Islamorada, Florida

Spanish explorers dubbed this island, "Islamorada," or purple island, for the colors of the flowers and the sky at sunset. Jump a few centuries to 1907 when William Krome established the townsite. It wasn't until 1998 that it was incorporated by the state legislature as "Islamorada, Village of Islands." It has a population of about 6100.

Located in the Florida Keys, Six islands make up Islamorada, Florida but the village is on Upper Matecumbe Key. Tourism is the obvious basis of its economy, especially the sport fishing aspect. It is accurately hailed as the "Sport Fishing Capital of the World." Sitting almost midway between Miami and Key West, it is not only a good stopping place, but a great destination.
Sunset Islamorada, Florida Keys
There are more things to do in this small Florida village and its surrounds than in the whole of some states. The water sports include kiteboarding, stand-up paddling, scuba diving, snorkeling, fishing, swimming and the inevitable parasailing.

Ecotours are easy to find at marinas, parks and resorts. A powerboat tour will visit areas that have coral formations, dolphins, tropical fish, crocodiles, manatees and exotic birds. Kayak and canoe tours are good alternatives and travel through sea-grass beds and shallow tidal flats.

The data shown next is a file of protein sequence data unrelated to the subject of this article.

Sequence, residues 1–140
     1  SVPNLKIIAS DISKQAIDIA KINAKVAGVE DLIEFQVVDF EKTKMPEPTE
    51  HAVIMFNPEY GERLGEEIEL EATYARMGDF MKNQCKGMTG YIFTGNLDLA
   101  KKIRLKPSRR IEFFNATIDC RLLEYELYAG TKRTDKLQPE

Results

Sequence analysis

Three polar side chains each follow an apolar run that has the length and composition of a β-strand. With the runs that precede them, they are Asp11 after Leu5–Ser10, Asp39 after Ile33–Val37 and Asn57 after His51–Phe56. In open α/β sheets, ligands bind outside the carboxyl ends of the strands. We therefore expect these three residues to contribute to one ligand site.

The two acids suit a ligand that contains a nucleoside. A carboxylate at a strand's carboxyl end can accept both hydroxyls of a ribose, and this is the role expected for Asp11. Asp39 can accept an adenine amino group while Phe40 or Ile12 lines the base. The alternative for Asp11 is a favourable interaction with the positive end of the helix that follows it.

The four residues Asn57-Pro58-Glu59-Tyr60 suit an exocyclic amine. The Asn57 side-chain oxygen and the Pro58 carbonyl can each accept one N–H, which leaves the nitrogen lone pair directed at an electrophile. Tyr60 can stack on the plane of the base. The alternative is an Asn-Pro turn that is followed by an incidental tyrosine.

This place is serious about sport fishing. Some restaurants will cook up a visitor's catch for dinner. Mahi mahi and snapper are good food fish. Catch and release fish are large sailfish, tarpon and swordfish, among others.

Islamorada Founders Park is 40 acres of fun. Boredom is not an option with an Olympic-sized pool and diving boards. There are ball fields and water sport rentals along with a fishing jetty, basketball, tennis, bocce, a skate park, a multi-purpose path, and a dog park. There is also a shallow-water beach and a vita course with 18 exercise stations. It's exhausting to think about.

The Marine Mammal Park, called Theater of the Sea, is an in-the-water family activity. Swim with dolphins, sting rays and sea lions in natural salt-water lagoons that are 10-15 feet deep. There are also shows with parrots and shows with dolphins and sea lions and a bottomless boat ride.

The tropical climate is conducive to doing everything outdoors, including eating and drinking. Water-side dining and drinking are plentiful. Some restaurants can be reached by boat if guests just can't tear themselves away from the water. Ocean-front dining is upscale and not inexpensive. Land-based dining is available in many different cuisines.
Islamorada is for tourists.


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